Additionally, the record suggests that the parties never intended to carry on as co-owners of a business for profit, and therefore failed to form a partnership under Illinois law. See 805 Ill. Comp. Stat. 206/202(a). In granting summary judgment to Block, the district court emphasized that all three of the draft agreements between Block and nClosures contained a clause stating that nothing in the conduct of either party " shall be deemed to constitute either party an agent, partner, joint venture or employee of the other." nClosures Inc. v. Block & Co., Inc., No. 12 C 9358, 2013 WL 6498528, at * 4 (N.D. Ill.Dec. 11, 2013).[5] While this unexecuted agreement does not legally bind nClosures, it is probative of the parties' intent underlying their business relationship. Illinois courts have held that when no written agreement exists, it is appropriate to consider the intent of the parties and the facts and circumstances surrounding the alleged partnership formation. See e.g., Snyder v. Dunn, 265 Ill.App.3d 891, 638 N.E.2d 744, 747, 202 Ill.Dec. 876 (Ill.App.Ct. 1994). Therefore, we consider the language of the unexecuted agreements between Block and nClosures for this purpose. Because all three of the agreement drafts contained a clause specifying that the parties should not be construed as partners, and because there is no evidence that nClosures objected to the inclusion of this clause, we are persuaded

Page 605

that nClosures and Block did not contemplate a partnership when structuring their business relationship.

For these reasons, there is a lack of evidence from which a reasonable jury could conclude that nClosures and Block formed a partnership under Illinois law, and thus nClosures's breach of fiduciary duty claim must fail.

C. Attorney's Fees.

On December 26, 2013, Block filed a sealed motion seeking attorney's fees under three theories: (1) the Illinois Trade Secrets Act (" the ITSA" ), (2) 28 U.S.C. § 1927, and (3) the district court's " inherent authority." Under the ITSA, a defendant in a trade secret action can recover its reasonable attorney's fees if " a claim of misappropriation is made in bad faith." 765 Ill. Comp. Stat. 1065/5(i). Additionally, under 28 U.S.C. § 1927, an attorney may be required to pay costs and expenses when he or she " multiplies the proceedings ... unreasonably and vexatiously." Furthermore, sanctions pursuant to a district court's inherent authority " are appropriate where a party has willfully abused the judicial process or otherwise conducted litigation in bad faith." Tucker v. Williams, 682 F.3d 654, 661-62 (7th Cir. 2012).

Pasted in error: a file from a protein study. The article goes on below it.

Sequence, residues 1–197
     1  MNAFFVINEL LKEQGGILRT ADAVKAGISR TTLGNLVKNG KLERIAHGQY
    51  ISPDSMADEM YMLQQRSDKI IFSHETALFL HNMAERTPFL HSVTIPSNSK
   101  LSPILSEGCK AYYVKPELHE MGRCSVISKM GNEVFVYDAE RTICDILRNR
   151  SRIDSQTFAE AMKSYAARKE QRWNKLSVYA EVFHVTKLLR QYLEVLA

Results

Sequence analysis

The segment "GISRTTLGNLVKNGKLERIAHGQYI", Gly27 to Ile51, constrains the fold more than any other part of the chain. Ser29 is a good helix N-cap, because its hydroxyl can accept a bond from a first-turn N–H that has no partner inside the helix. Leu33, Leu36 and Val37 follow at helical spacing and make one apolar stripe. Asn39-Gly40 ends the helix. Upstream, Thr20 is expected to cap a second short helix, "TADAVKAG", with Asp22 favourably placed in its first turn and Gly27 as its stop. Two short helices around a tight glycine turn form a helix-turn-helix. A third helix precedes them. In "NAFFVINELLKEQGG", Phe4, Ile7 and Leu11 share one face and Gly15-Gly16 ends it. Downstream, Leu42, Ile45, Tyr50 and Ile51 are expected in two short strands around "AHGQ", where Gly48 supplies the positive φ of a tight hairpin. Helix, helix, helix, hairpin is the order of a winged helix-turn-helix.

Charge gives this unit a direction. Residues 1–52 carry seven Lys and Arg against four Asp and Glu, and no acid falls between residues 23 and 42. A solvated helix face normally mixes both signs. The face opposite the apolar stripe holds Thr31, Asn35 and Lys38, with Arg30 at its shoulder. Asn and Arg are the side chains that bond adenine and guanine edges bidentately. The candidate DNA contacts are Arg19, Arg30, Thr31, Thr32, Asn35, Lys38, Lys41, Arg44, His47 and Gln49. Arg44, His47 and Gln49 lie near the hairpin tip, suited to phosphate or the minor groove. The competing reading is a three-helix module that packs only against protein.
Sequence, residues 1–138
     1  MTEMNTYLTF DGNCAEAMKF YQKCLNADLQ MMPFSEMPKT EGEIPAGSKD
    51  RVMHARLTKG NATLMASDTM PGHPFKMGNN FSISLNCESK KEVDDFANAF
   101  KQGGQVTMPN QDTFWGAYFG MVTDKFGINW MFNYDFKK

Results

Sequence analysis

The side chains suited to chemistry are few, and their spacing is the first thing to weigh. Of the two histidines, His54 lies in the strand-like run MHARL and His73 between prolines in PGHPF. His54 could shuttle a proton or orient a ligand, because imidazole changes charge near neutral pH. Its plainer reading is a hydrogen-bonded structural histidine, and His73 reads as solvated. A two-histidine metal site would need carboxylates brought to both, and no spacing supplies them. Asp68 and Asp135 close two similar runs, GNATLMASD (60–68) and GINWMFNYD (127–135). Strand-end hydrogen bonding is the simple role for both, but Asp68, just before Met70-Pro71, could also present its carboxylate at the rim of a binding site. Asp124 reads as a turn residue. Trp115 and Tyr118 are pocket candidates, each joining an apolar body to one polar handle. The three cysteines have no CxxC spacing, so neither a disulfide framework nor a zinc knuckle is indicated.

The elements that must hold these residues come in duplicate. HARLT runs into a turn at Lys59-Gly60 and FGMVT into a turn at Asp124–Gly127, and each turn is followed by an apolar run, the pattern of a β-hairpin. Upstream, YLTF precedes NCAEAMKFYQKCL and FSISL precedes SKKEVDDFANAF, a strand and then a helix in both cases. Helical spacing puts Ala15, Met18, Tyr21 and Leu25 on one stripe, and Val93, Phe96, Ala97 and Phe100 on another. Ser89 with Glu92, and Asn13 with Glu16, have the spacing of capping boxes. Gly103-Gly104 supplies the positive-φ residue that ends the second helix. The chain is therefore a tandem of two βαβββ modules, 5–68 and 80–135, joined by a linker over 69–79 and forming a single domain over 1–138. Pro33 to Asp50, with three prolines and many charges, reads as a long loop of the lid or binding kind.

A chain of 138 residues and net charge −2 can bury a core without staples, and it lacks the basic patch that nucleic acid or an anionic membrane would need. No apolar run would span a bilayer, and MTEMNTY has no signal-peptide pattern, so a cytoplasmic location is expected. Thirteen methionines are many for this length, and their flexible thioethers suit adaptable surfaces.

In denying Block's motion for attorney's fees, the district court stated:

I know the case. I did not find anything that comes remotely close that there was no basis for the lawsuit or that it was in bad faith. I agree with counsel for plaintiffs. I entered summary judgment in this case. I understand it's on appeal. And I might be right, I might be wrong on that summary judgment, but I'm not going encourage any further litigation on that issue. There's been no bad faith on the part of the plaintiffs.

Block insists that the district court's dismissal of its motion for attorney's fees was improper, citing IDS Life Insurance Co. v. Royal Alliance Associates, Inc., 266 F.3d 645, 653-54 (7th Cir. 2001) as an example of when we held that a district court abused its discretion in failing to issue sanctions under 28 U.S.C. § 1927. In IDS, the district court refused to issue sanctions pursuant to its " own philosoph[ical]" opposition to sanctions, even after characterizing the defendants' arguments as " dubious and disingenuous," as well as questioning the " real motive" behind the defendants' action to seek a confirmation award in a different court from the one in which the suit arose. Id. Against this factual backdrop, we held that the district court abused its discretion in failing to sanction the defendants for unreasonably multiplying proceedings under 28 U.S.C. § 1927. Id. at 654.

The facts of IDS are quite different from the facts here. In this case, the district court did not deny Block's motion for attorney's fees pursuant to any personal hostility to sanctions, but rather applied a bad faith standard by stating, " I know the case. I did not find anything that comes remotely close that there was no basis for the lawsuit or that it was in bad faith." Further, rather than expressing doubt about whether the claims in the lawsuit had any merit, the district court acknowledged that its summary judgment decision was a close call by stating, " I entered summary judgment in this case ... . And I might be right, I might be wrong on that summary judgment ... ." Simply put, the case before us is too distinct from IDS to dictate a finding that the district court abused its discretion by denying Block's motion for attorney's fees. Furthermore, Block fails to offer any additional compelling support for this argument.

III. Conclusion

We AFFIRM the district court's grant of summary judgment in favor of Block

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and the denial of Block's motion for attorney's fees.